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  • Scared to death, yeah? I feel it in me the way you would something in sinews, the air graphed out. When I was younger I thought it was the moment when you're sitting at the window and the rain is tinny on the chopped-up bits of driveway. Oils from the pine branches and the larkspur all strung down, strained and stained with muddied color as if you'd pressed your thumb to them and smeared the solids: huge, chandeliered angles. Everything a stream. I thought it was how the glass keeps the cold until your hand's against it, and you realize you're walled away -- a heavy energy of separation at its most modest, its most palpable, the easiest to put into words; you expect the image to split, or at least include you. For a long time I thought it was all just moments like that.

    School has me spread thousands of miles. Very literally. I have so many homes that it doesn't make sense for me to keep them -- I'm unsure of what (or who) deserves the most space and unsure of how to make all those divisions. Being un-static doesn't mean that you're not leashed to some deep-trenched, centered fulcrum. Pay attention to that. A crutched, clingy thing: a boy from the coast, the dip below your left eye when that cheeky epithet of "hypochondriac" is thrown onto you, your sister growing, someone always recoiling and folding up inside somebody safer. Move on, now. Move.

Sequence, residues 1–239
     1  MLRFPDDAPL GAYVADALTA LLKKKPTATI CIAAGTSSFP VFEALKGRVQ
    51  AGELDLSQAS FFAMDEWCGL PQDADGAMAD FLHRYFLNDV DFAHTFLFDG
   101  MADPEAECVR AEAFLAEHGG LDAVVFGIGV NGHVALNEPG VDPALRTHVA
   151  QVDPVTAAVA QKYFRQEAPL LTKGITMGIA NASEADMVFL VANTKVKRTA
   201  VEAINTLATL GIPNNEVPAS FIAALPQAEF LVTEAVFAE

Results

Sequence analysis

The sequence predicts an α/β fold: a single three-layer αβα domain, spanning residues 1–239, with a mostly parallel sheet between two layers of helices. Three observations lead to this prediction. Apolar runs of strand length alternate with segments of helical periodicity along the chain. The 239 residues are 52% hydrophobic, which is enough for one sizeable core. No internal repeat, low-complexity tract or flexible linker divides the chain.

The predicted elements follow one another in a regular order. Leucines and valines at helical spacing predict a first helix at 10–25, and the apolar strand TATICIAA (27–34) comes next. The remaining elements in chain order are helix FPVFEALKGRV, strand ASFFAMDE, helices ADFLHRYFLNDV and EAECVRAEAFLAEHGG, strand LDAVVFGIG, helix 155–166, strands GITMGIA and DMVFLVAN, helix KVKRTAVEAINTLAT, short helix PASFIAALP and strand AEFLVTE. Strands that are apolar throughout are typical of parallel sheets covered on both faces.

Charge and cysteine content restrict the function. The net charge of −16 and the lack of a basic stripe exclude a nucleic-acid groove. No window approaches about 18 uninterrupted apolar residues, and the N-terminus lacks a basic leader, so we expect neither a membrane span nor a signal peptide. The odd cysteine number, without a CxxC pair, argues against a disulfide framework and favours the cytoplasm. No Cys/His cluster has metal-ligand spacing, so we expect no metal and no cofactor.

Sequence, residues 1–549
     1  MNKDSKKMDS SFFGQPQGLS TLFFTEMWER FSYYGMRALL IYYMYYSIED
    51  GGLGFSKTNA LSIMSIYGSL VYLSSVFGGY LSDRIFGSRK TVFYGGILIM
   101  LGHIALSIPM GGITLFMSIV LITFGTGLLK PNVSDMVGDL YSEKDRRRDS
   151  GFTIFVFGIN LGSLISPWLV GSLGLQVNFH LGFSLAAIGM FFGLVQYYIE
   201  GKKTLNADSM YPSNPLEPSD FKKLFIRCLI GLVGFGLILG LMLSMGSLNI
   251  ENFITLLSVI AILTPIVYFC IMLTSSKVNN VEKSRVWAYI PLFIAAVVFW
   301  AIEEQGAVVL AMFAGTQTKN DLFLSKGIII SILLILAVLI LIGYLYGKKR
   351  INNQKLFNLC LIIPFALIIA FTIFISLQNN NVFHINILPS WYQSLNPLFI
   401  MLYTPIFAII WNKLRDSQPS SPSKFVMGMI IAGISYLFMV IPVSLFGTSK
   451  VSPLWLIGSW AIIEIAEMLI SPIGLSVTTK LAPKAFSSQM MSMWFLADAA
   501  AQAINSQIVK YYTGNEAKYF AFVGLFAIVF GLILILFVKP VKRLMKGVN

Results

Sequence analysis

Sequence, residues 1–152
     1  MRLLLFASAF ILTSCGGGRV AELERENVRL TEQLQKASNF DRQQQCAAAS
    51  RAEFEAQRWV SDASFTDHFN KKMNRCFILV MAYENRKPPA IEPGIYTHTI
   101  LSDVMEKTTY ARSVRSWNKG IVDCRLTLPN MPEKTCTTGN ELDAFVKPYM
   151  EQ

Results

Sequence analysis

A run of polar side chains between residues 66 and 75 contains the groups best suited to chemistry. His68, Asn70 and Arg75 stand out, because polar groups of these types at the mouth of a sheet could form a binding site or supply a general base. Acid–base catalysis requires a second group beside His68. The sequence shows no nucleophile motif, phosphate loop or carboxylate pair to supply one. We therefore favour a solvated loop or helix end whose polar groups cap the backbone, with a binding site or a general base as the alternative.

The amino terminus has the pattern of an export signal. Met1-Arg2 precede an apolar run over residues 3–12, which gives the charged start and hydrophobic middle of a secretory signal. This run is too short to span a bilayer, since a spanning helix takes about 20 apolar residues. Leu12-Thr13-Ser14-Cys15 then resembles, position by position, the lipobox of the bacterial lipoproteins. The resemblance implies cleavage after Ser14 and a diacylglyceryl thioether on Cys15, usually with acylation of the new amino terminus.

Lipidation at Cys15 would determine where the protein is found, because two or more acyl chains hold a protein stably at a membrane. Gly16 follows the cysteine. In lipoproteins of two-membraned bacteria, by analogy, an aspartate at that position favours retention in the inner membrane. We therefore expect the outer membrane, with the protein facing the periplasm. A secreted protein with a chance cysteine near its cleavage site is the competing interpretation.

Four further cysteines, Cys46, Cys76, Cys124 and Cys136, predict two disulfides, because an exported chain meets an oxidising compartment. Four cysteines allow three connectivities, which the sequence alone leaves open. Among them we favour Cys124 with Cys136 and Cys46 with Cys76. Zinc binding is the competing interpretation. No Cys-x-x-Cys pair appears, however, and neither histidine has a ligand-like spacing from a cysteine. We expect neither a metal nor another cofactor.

But it's not all clean and obvious fissures, right? The window damming rainfall. Sometimes it has to be the part where you leave school a week early -- pushing deadlines, early exams -- to go to Egypt with your family, as now you've moved in with your mother's doctor boyfriend who can help afford such trips, and your poetry professor's pursing lips and e-nun-ci-a-tttting that Please, have your portfolio finished prior to departure like she is a flight attendant, like you are moving in a real, true sense this time. You're lying on your bed and the ceiling's veined as wood grain, roommate's mumbling about her television and you're held so hard, Katy, inside a town that handed you a Daft Punk-wannabe, allowed you to forgive Emily Dickinson for whatever wrongs you'd thought she'd done you. Why are you counting? It's bright and trite and familiar here. Sometimes it has to be the part where you're sick and you don't make that into a goddamn poem.

    So turn back there: the ground only moss, your heels sticking. The sun too well-rested without glasses to block it and you've cupped your hands tight around your eyes as a visor. Don't tell me how the ending goes -- I'm excited about this one.
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